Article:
A chorus of politicians from the European Union and beyond arrived here yesterday, July 6, to publicly denounce the “oligopoly" (the word used by German Finance Minister Wolfgang Schäuble) of the rating agencies.

Now that Portugal's debt has been downgraded to "junk bond" status, the incomprehension, outrage and criticism have been joined by the promise from Wolfgang Schäuble that the EU will “take steps" to put an end to the devastating power of these agencies across the eurozone.

The threat would be beautiful if it were not so worn out. Since 2008, European leaders have been multiplying their bombast against the absurd actions of the agencies, but they haven’t actually done anything concrete to punish them.

While the United States have amended their banking regulations to reduce their power and China, rather simply, has set up a national agency, Europe has never gone beyond pious hopes, reinforcing the impression that fresh ideas and real power have gone off on holiday from Brussels, Paris and Berlin.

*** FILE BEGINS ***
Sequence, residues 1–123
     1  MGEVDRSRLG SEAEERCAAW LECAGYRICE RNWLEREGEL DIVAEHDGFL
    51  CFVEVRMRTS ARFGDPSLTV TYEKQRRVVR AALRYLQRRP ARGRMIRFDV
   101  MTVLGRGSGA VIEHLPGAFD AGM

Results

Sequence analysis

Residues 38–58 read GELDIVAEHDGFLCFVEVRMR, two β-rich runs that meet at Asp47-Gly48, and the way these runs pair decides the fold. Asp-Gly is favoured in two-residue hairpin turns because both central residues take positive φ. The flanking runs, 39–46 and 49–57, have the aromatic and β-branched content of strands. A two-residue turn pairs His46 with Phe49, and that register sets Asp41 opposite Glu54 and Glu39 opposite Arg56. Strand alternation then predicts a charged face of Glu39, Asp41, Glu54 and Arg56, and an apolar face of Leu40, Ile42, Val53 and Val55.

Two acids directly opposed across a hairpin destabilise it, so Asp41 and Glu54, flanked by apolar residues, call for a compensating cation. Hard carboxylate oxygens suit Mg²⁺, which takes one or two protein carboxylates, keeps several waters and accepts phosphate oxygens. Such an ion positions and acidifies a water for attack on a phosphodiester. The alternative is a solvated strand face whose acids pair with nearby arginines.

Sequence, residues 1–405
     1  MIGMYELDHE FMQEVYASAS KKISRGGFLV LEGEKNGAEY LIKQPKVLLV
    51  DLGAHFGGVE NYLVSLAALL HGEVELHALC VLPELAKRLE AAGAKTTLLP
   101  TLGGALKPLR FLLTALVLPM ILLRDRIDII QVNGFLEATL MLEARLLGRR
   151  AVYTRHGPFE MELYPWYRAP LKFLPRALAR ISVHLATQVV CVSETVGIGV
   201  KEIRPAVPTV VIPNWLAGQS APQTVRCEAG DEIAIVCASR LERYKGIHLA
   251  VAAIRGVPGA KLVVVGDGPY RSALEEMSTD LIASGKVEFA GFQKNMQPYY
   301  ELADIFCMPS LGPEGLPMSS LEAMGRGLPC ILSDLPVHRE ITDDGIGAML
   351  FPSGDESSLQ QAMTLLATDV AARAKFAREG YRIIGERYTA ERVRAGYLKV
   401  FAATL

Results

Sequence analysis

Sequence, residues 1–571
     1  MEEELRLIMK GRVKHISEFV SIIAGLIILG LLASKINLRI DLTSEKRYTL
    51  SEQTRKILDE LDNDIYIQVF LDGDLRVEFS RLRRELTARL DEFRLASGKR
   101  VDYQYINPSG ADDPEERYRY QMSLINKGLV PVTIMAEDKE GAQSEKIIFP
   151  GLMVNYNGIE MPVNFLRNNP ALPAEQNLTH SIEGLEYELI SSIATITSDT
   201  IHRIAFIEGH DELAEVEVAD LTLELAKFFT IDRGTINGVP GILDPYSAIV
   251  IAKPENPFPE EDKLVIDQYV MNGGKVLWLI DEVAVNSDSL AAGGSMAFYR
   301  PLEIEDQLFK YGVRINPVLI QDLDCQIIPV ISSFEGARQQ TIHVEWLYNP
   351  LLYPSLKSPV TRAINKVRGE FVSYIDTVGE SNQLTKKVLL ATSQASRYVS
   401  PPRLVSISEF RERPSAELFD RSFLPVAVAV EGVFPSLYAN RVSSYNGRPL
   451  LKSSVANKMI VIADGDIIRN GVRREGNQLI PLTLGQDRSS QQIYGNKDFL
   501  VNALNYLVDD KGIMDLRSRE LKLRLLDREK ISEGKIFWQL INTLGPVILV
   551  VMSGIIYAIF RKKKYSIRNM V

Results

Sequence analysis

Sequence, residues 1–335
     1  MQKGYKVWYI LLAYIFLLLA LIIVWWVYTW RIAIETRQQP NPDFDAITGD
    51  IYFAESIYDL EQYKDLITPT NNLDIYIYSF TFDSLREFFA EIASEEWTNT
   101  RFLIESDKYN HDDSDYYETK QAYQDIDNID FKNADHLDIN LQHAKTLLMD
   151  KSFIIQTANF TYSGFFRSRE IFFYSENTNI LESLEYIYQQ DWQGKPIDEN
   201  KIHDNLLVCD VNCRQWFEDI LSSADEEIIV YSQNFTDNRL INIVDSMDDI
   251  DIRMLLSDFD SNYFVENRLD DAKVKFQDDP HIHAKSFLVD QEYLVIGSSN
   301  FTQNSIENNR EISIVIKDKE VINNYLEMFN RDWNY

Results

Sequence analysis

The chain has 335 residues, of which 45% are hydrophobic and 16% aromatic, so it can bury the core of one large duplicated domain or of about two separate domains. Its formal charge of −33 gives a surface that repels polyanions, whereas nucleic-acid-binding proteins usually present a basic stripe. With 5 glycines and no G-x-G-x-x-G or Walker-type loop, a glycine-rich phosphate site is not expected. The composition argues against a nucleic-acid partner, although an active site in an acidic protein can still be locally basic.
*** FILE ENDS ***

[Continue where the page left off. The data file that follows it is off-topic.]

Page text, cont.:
Given this vacuum, it’s normal for agencies to thrust out their chests and go looking for ways to kick sand all over the vulnerable euro. What’s in play today are not just the difficulties that Portugal (not to mention Greece) is having in meeting its commitments: it’s also the agencies' tendency to a kind of necrophilia that makes them behave like vultures hovering over the fragile single currency languishing under the southern sun.

Unable to stand up to them, offering new evidence of its confusion to the world every day, Europe responds only when she finds herself on the ropes. For their part, noting the tender fragility of those who swore to fight them, and who also recognise at the same time the losses for private investors looming from any restructuring of the Greek debt, the agencies are responding in the way most natural to them: by piling on the pressure and intensifying their offensive. When politics bow to the organised onslaught of financial capital, there is not much to hope for.